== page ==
The Storm SRTV is based on an original design by BC Customs (BCC) of Utah, originally submitted for the Ground Mobility Vehicle System (GMV 1.1) competition hosted by SOCOM. It is in the tactical family of SXOR Mobility Vehicles of SXOR Motorsports.[1][3] It is a highly mobile 2-door off-roading pickup truck design with all-wheel-drive. The light-weight tactical vehicle has a high performance mid-engine for maximum stability[9] with 430 horsepower and 425 lb-ft of torque. The SRTV can exceed double its curb weight in payload while performing missions.[3] The engine will run using standard gasoline, 87 Octane or higher, diesel, or JP-8.[5] The SRTV is constructed of MIL-STD aircraft tubing, minimizing weight, maximizing strength, and providing a skeletal base for multiple types of commercial off-the-shelf (COTS) ballistic and blast armoring. The vehicle utilizes identical components with multiple body configurations, hence, it provides multi-role configurations.[1]

The SRTV is measured to be carried internally by the M/HC-130P/N/J, C-130/C-130J, KC-130J and C-17 fixed-wing aircraft as well as the CH-47 and CH-53 helicopters.[10] It is too wide for the V-22. The V-22 compatible version can carry a team of three with two patients on litters in the roll protected cage. The vehicle can be delivered through various methods including Low Velocity Aerial Delivery (LAPS) or via Joint Precision Airdrop System (JPADS), guided parachutes, methods.[3]

The SRTV has a range of up to 350 miles, and can operate in difficult environmental conditions, and including at 10,000 ft (3,048 m) above mean sea level. The vehicle can travel at a speed over 100 mph and climb vertical grades over 70 degrees, move on side slopes angles of over 60 degrees and climb vertical steps over three feet. It can turn on a 20' (6.1 m) diameter curb to curb. Maneuverability is enhanced with cutting brakes allowing U-turns on steep hills within the length and width of the vehicle, also allowing high speed J-turns. The vehicle provides rollover safety for all occupants without limiting mission operational performance. Storm can carry up to three litters inside the rollover protection frame, without modifications, while still maintaining 360° of weapon field of fire.[10]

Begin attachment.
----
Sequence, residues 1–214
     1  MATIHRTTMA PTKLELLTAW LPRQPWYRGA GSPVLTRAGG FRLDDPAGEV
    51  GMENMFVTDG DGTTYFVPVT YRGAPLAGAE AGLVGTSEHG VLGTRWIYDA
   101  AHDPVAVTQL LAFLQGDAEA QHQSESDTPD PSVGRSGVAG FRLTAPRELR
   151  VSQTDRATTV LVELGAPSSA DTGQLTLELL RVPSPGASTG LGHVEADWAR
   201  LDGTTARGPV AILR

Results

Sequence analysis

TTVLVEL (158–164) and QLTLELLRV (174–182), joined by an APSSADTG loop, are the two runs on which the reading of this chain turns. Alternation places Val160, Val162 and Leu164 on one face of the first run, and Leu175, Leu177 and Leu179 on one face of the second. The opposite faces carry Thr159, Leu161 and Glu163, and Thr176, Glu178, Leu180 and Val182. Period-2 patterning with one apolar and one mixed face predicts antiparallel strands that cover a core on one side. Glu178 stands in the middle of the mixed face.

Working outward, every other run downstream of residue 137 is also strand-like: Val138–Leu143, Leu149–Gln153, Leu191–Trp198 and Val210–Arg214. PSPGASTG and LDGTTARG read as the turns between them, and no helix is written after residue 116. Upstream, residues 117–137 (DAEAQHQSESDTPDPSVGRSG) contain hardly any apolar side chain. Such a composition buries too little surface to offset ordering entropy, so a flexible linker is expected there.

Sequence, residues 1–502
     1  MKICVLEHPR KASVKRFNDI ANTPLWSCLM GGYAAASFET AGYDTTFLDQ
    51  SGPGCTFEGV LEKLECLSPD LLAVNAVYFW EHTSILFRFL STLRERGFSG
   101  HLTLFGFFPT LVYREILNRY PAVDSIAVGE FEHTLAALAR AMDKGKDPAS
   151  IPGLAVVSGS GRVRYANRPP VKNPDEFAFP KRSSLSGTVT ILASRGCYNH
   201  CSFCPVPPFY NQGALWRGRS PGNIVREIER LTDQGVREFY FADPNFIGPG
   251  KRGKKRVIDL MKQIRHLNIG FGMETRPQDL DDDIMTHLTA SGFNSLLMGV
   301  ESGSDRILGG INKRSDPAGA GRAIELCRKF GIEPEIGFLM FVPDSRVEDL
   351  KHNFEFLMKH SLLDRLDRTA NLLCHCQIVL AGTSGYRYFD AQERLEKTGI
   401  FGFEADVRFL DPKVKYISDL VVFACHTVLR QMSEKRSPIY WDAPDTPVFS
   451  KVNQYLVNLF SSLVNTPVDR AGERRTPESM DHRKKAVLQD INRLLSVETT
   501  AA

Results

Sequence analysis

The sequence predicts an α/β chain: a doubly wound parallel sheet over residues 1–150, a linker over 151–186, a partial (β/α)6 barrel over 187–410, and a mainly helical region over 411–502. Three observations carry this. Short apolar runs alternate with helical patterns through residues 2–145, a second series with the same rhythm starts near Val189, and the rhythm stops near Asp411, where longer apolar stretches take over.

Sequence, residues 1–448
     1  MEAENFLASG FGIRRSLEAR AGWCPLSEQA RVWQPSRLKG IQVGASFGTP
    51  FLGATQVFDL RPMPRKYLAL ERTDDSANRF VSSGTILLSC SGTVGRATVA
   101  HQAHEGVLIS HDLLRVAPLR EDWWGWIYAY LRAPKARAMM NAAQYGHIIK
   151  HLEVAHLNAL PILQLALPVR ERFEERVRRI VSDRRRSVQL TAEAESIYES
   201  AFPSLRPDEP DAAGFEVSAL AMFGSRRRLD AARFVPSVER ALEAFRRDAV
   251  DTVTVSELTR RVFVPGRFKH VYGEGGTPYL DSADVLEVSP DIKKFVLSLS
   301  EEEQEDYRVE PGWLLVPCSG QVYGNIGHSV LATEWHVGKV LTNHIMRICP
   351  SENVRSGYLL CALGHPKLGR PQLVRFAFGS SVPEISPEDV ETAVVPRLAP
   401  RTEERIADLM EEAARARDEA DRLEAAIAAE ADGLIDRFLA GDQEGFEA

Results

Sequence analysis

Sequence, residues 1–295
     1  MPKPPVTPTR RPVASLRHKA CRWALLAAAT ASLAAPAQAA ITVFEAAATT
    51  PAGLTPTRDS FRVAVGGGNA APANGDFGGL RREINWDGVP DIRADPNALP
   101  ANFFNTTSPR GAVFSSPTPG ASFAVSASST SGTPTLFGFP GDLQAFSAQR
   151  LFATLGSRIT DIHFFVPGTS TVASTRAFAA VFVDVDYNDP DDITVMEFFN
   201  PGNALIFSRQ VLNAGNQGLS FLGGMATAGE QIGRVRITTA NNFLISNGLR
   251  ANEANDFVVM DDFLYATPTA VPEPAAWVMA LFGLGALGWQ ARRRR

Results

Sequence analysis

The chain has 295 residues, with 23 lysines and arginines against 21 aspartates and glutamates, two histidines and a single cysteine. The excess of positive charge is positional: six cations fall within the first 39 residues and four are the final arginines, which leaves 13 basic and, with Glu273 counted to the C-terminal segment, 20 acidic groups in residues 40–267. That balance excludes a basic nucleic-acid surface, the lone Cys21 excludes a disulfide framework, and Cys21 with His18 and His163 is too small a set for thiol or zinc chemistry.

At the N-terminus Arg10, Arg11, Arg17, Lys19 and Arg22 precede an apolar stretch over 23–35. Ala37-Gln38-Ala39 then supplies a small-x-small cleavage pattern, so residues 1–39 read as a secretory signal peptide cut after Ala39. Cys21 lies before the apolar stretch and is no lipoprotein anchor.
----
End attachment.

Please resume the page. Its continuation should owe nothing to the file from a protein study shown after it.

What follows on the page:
There are weapons mount options: Fore and aft crew-served weapon mounts, 360 degree turret with roll protection, and standard swing arm mounts. BCC has been working with (GI) to integrate their M134 Minigun, FN Herstal to integrate their light Weapon Stations, and (MSG) for multiple weapon stations.[1]


The BCC SRTV-5, nicknamed the “Warthog”, has an internal crew of three with options for up to two additional crew and two internal (roll protected) patients. BCC had fielded an SRTV-5 variant to the US Border Patrol special operations group BORSTAR.[1]

The BCC SRTV-22 (Osprey) variant has an internal crew of three with options for two additional crew or two (roll protected) patients, but loses either one crew member or patient as required. The variant is designed to quickly load and unload from the V-22 with no major adjustments other than collapsing the roll protection. Additionally, it is less than 900 lbs per wheel, making it ideal for use as an Internally Transportable Vehicle (ITV) and can be ordered with the V-22 trailer.[1]

See also


  1. ^ a b c d e f "SRTV from BC Customs" Soldier Systems, August 1st, 2011.
  2. ^ "Guardian Angel Air Rescue Vehicle" Federal Business Opportunities, 08 February 2012.
  3. ^ a b c d e f "HDT Presents the Storm SRTV for Special Ops" Defense Update, September 25, 2012.
  4. ^ a b c "Combat rescue vehicle for medical evacuations unveiled" Air Force Times, October 2nd, 2013.
  5. ^ a b c "USAF Selects Storm SRTV as GAARV" Soldier Systems, January 19, 2013.
  6. ^ "HDT Global Awarded Guardian Angel Air-Deployable Rescue Vehicle (GAARV) Contract For the HDT Storm(TM) SRTV" Reuters, February 1st, 2013.
  7. ^ "HDT Global Awarded Guardian Angel Air-Deployable Rescue Vehicle Contract" Terra Daily, February 6th, 2013.
  8. ^ "USAF receives initial Guardian Angel air-droppable rescue vehicles" Air Force Technology, November 18th, 2013.
  9. ^ "HDT Storm™ SRTV" HDT Global, 2013
  10. ^ a b "HDT Storm™ SRTV Light Tactical All-Terrain Vehicle" Archived 2014-03-07 at the Wayback Machine HDT Global Brochure version 1.1, 2014

External links